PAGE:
Just Push Play, Aerosmith Columbia Records
If you”ve flipped on MTV, tuned into Top 40 radio or wandered a shopping mall at any time during the past few weeks, chances are you”ve heard “Jaded,” the first single from Aerosmith”s 13th studio album. And if at first it sounded less like a new chart-buster and more like an Aerosmith oldie some soundtrack contribution or an old album track heretofore stuck on the fringes of classic rock radio that”s because “Jaded” is in many ways the consummate Aerosmith single: A pitch to a young flame wrought with a dash of heartache, a string section and a chorus so big it makes Creed”s hits sound like cocktail jazz.
Like “Jaded,” Just Push Play is classic Aerosmith fare, which means it”s full of the sex-crazed histrionics and red-blooded stomp they”ve turned out (with varying success) for 28 years. Produced by front man Steven Tyler and guitarist Joe Perry with help from songwriting collaborators Mark Hudson and Marti Frederiksen, it does include its fair share of fashionably a la mode touches: Chic retro riffs and vocoderized singing, plus a horn section, electro-percussion and new age-y synths. But those accoutrements sound mostly like concessions to the MTV set, meant only to give the impression that these lifelong mega-sellers are breaking new ground.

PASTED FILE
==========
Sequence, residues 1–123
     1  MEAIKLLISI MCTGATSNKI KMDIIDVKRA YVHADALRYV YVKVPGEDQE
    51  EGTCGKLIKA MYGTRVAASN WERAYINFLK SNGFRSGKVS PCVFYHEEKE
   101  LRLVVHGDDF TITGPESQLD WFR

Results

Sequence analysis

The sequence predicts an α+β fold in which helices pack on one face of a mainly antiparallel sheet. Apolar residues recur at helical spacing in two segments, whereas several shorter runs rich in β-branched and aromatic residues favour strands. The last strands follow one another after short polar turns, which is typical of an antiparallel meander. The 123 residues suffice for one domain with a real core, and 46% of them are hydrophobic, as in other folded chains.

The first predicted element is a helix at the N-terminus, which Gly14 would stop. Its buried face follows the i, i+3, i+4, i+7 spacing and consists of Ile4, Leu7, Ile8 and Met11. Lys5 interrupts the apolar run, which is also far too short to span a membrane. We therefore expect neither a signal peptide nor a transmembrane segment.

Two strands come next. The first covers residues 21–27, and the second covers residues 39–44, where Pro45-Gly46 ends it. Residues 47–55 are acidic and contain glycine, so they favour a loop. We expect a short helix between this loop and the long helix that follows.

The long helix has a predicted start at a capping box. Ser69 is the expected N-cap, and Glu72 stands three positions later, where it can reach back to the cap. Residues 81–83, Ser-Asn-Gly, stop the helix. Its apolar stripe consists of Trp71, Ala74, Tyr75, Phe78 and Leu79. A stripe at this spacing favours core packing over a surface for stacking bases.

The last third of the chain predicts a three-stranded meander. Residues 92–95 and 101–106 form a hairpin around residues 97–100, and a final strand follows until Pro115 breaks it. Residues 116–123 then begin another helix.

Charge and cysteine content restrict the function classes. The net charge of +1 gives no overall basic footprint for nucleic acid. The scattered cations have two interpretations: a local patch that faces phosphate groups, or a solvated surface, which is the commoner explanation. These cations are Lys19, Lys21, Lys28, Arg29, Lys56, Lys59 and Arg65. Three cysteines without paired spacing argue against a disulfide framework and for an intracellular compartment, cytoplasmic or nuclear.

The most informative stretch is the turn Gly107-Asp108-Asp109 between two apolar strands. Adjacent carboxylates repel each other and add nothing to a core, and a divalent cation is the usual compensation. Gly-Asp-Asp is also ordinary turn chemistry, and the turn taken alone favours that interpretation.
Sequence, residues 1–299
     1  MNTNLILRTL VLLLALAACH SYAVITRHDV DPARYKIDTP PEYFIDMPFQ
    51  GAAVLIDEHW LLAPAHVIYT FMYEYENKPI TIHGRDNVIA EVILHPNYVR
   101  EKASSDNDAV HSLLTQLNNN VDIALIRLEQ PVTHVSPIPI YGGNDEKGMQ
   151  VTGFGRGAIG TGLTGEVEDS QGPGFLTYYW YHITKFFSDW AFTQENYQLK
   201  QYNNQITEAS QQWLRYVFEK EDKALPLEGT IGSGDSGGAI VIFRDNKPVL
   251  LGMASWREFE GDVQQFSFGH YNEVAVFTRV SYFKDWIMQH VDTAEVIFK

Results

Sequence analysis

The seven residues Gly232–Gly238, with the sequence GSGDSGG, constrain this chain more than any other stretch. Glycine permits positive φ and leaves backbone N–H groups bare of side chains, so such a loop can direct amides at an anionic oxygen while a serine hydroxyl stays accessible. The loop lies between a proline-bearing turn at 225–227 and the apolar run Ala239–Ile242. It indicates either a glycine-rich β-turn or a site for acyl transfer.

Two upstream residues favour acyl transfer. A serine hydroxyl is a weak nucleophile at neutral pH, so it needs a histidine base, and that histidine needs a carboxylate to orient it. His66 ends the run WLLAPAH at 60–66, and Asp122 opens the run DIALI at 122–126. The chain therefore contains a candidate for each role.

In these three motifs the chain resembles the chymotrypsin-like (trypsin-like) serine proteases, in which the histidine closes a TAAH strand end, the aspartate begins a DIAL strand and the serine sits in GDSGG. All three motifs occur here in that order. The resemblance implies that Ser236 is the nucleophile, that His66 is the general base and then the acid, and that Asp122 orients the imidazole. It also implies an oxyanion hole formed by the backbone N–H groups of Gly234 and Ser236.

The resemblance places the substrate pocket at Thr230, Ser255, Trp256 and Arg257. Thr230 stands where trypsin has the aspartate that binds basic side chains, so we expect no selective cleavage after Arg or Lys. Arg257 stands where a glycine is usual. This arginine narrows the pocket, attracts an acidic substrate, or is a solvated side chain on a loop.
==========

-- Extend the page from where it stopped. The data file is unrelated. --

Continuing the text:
In truth, Aerosmith has no use for progress. They”ve really stuck around for so long because Americans never tire of robust, tuneful rock “n roll, and Just Push Play has that in spades. With “Jaded” serving as the requisite Top 10 hit, Aerosmith ploughs through equally-solid throwbacks like “Drop Dead Gorgeous,” with its cascading riffs and a sturdy funk groove, and “Under My Skin,” a trippy number in which Tyler confesses he”s become smitten with the wrong girl while Perry and Brad Whitford trade guitar licks.
When Aerosmith misfires on Just Push Play as they do on the dopey “Avant Garden” or “Fly Away From Here,” a ballad nearly as egregiously sappy as “Don”t Want to Miss a Thing,” their huge hit from a few years back you cringe, but only for a moment, it”s easy to forgive the AOR schmaltz. In fact, we pretty much learned to take Aerosmith”s good stuff with their bad stuff around the time “power-ballad” entered the rock “n roll vocabulary.
With three members now in their fifties, Aerosmith are twice as old as most of their hit-making contemporaries. But does that mean they”re too old to rock? Dream on.